You did not, but again this goes back to your flat out statement regarding training provided by FAA and RAF to US airmen . . . and my elaborating on USN use of British aircraft. Who trained the USAAF folks? Don't know, don't care . . . please pay more attention, I've little to no interest in the USAAF and am only vaguely aware of a war in Europe. Sure, there was a lot of 'back scratching' as you call it going on, but you were specifically addressing the fighter-bomber issue as did my response . . . you seem to wiggle a lot.

Quote:
Originally Posted by Dibble201Bty View Post
Did I accuse anyone of lying? No I did not! What I do on every thread and site in which I participate, is to avoid any one-off, hearsay comment as proof, you should do the same too!
I produced the recollections of USN aviators. You apparently discount their descriptions and now you apparently consider these descriptions to be hearsay. True, in the definition of hearsay as the gentlemen to whom I referred are both dead and gone, but these were things they told straight to me. I would suggest that the presentation of some author without some authoritative citation is one step farther removed from my hearsay.

Quote:
Originally Posted by Dibble201Bty View Post
Anyway! You are the one who came on this thread saying that the pioneering FAA technique for safely operating Corsairs from carriers was a myth. It would be presumed that I and many others on this site would just love to see your evidence which will show all these aviation historians since the war, the err of their ways.
You obviously were not paying attention. I gave the descriptions provided by experienced USN aviators with not just a few F4U hours; one of whom was Director of VF Training at ComFleetAirWest at NAS San Diego from August 1943 to November 1944, the umbrella command under which air groups west-bound received their final operational training, and who, along with (maybe you've heard of him, but I won't hold my breath) Jimmy Flatley re-wrote the VF portion of the USN's USF-74, the US Fleet Carrier Operations Doctrine document (oddly enough, I have the complete rough draft with both of their handwriting). I would suggest that he just might have known just a little bit about the subject. The FAA first(s) were a claim presented initially to which I responded with my evidence from first hand practitioners. I invite your presentation from an on the scene operator or more, not some author who adds dubious 1+1 and come up with 3.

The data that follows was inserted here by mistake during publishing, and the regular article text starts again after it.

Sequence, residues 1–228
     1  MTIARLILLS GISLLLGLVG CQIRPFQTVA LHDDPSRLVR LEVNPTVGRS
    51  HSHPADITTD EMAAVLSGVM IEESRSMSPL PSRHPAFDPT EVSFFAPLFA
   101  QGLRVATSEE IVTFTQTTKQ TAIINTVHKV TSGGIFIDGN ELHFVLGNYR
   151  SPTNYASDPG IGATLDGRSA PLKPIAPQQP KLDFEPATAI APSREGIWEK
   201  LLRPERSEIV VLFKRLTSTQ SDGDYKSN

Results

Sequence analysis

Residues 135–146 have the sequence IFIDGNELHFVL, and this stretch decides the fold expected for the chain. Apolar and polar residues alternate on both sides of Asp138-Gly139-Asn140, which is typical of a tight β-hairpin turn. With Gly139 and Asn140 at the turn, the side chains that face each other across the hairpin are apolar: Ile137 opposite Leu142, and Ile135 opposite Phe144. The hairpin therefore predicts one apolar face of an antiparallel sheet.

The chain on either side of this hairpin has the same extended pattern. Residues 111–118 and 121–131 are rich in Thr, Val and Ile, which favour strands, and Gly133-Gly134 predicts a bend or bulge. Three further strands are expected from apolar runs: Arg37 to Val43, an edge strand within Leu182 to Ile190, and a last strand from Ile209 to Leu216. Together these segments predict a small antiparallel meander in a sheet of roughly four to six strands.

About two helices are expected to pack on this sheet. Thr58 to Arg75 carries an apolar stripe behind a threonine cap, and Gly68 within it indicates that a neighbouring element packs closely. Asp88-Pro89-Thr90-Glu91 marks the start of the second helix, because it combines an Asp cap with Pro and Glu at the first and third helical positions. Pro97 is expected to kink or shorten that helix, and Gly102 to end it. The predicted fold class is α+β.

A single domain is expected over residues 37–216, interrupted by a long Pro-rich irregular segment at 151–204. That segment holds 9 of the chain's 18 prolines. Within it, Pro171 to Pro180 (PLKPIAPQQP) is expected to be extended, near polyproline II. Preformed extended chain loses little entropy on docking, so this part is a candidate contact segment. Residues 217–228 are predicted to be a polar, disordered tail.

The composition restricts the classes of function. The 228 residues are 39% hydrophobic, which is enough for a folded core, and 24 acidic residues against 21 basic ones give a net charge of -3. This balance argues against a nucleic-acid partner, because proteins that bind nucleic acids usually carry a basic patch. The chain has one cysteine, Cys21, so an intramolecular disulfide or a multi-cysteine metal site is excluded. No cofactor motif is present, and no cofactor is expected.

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Old 12 Sep 16, 23:23
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Quote:
Originally Posted by RLeonard View Post
The claim has been made that the FAA operated F4Us from carriers before the USN. This is obviously not true from the historical record and all the bobbing and weaving in the world will not change that fact. I regret that reality impinges on cherished beliefs and demonstrates them as false.

As for technique, other than some author(s), I presume you have some evidence for the FAA's reported first? Do your authors have some citation? Or is this a case based on a premise (which we know is false from the historical record) of (A) the FAA operated F4Us from carriers first (I don't know about the east side of the Atlantic, but on the west side January comes before April) plus (B) a landing technique (which experienced USN aviators, more than one, have told me, personally, was the obvious solution to keeping the LSO in sight) equals a "first". No, sorry, I invite your presentation of something from someone with first hand knowledge . . . I already have.



You raised the issue. In fact, you wrote:



To which I responded to the effect that the FAA and the RAF had no involvement with fighter-bomber training for the USN or USMC. I suggest you read a little more carefully. I invite your evidence to the contrary . . . it was after all your all encompassing claim.




And my apologies. I know you did not. It has, however, been my experience that as soon as one starts using the term fighter-bomber in the context of the F4U as sure as there are little green apples someone will start down the road of it being the better of the two, F4U and F6F, in this capacity which is demonstrably untrue or at least a questionable conclusion. Somewhat of a pre-emptive on my part or perhaps bait for another thread.